And the World Turns

Embroidery on indigo dyed fabric

This piece, consisting of kantha stitch on hand-dyed indigo fabric, was included in the Equinox exhibition organised by South London Women Artists in Marylebone, London, in March 2020.

It represents the sun’s rays travelling around the Earth as the days start lenghtening again in the northern hemisphere as spring arrives.

One in five

Wool and paper

The environment is becoming increasingly fragile in the Anthropocene era, and Kew Gardens estimates that one in five plant species are in danger of extinction due to human activities such as intensive farming, deforestation and construction.

One in Five, featuring five stylised seedpods made from felted wool and paper yarn, was made for Prism Textiles’ Fragility exhibition at Hoxton Arches, 29 May – 9 June 2019.

Photos by Owen Llewellyn

Vision of Jawun

Paper and eucalyptus dye

This vessel was inspired by the bicornual baskets known as jawun made by the rainforest people in northeast Queensland in Australia. Jawun were used to collect and carry food and also as sieves to leach out toxic substances. Typically made from lawyer cane, the baskets were sometimes painted when used for trading or as gifts.

My interpretation of a jawun is a random weave piece made with paper yarn; the lower part was dyed with eucalyptus, a plant indigenous to Australia.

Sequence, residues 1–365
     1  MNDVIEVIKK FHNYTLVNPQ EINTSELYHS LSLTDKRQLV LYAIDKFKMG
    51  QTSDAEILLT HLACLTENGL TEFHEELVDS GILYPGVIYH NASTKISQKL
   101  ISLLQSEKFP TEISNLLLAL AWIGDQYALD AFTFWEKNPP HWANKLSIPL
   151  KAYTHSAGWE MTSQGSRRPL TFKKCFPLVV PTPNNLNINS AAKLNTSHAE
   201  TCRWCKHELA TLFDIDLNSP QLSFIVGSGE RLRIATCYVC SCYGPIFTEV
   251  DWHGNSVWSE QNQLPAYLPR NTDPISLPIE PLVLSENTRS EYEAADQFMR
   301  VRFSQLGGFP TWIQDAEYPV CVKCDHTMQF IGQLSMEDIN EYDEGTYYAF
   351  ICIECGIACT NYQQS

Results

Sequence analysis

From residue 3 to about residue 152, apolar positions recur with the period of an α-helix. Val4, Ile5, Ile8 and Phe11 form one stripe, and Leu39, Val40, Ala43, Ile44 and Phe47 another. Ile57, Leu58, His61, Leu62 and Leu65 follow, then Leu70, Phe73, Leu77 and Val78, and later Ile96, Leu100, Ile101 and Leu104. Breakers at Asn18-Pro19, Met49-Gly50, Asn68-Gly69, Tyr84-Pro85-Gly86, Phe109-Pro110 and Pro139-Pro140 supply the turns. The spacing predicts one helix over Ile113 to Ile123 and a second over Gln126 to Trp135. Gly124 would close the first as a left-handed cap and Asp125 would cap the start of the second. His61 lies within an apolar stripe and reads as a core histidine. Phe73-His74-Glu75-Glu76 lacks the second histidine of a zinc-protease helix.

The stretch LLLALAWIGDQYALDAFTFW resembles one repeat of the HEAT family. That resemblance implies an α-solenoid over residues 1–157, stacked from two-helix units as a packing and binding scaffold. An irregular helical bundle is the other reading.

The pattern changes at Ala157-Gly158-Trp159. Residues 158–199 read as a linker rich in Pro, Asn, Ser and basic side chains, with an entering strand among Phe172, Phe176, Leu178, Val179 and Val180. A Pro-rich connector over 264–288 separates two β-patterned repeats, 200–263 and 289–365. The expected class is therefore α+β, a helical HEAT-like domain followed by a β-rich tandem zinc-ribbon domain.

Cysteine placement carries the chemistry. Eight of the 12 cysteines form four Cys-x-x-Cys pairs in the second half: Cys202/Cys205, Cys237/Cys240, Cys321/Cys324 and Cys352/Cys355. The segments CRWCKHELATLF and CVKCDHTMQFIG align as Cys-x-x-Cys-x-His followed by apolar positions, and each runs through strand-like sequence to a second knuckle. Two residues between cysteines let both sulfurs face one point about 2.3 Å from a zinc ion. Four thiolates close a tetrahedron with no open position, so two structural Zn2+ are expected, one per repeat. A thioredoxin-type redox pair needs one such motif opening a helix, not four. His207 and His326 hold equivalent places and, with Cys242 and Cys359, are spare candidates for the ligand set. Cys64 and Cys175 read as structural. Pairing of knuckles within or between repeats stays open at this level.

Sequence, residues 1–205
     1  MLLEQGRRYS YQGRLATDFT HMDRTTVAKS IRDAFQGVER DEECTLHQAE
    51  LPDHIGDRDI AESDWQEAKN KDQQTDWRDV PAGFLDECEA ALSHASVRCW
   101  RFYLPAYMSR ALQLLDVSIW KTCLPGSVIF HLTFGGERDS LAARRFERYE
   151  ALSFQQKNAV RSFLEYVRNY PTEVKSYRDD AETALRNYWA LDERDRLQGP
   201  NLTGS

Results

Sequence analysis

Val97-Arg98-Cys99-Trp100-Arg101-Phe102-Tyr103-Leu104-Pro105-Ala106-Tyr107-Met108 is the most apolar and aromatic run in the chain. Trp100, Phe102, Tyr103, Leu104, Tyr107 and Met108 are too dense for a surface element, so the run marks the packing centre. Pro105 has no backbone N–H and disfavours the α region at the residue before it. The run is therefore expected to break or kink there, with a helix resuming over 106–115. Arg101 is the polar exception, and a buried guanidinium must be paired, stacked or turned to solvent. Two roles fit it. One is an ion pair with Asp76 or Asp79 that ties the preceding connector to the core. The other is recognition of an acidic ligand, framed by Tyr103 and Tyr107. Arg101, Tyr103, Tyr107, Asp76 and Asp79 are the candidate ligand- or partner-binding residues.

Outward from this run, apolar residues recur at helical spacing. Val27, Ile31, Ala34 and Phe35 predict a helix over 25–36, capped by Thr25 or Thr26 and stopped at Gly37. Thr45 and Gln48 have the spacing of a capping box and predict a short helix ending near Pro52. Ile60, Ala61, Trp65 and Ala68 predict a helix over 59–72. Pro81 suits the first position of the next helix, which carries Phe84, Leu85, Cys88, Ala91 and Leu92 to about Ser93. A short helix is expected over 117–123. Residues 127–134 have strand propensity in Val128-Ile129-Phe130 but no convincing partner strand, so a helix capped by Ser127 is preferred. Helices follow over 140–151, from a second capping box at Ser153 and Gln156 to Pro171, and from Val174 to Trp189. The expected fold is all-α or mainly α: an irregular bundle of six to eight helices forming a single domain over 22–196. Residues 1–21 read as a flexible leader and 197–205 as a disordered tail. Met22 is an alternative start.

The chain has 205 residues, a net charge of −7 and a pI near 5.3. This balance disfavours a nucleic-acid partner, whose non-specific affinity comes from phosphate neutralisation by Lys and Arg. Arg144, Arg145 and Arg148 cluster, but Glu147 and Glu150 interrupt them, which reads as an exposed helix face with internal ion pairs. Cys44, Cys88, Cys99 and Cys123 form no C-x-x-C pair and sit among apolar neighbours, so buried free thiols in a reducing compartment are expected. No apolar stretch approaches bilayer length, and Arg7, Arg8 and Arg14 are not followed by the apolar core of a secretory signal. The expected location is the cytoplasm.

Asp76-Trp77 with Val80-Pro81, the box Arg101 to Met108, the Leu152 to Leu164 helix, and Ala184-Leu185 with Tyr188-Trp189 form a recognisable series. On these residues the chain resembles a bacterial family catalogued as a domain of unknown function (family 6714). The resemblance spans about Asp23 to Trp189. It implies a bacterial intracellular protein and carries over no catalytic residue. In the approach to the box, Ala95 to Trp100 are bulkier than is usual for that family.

Vision of Jawun featured in the Made 2019 exhibition at Morley Gallery, 28 February- 29 March 2019.

Photos by Owen Llewellyn


Wool and bamboo

This piece was made for an exhibition called Pillow Talk: Conversations with Women, organised by South London Women Artists in collaboration with the Women’s Art Library. It was shown in various locations, including Brixton East, University College London and Tate Modern.

Like the portable Women’s Art Library, snails are nomadic, carrying their home wherever they go. And the spiral is traditionally a symbol of growth as we progress through life. You can gently pull the tip of the spiral up from the centre to create a physical representation of your mind and imagination expanding by spending time in the library.

Photos by Owen Llewellyn


Wool and wire

In nature, death is essentially a recycling opportunity. Along with bacteria, fungi are the main decomposers, degrading dead and rotting organic matter to inorganic molecules, which are then taken up by other organisms. Without fungi we would effectively be lost under piles of dead plant remains.


Cement, leaves

Although we refer to urban areas as “concrete jungles”, they are but a thin veneer – without armies of gardeners and maintenance workers, nature would very quickly reclaim cities. As a textile artist, I have printed and dyed fabric with plant material, and was inspired by the leaf prints on pavements as leaching tannins from fallen leaves were pounded into the concrete by scurrying commuters and shoppers. Here I attempted to recreate these delicate ephemeral prints – a symbol of how nature has the power to leave her mark even in the most urban environment.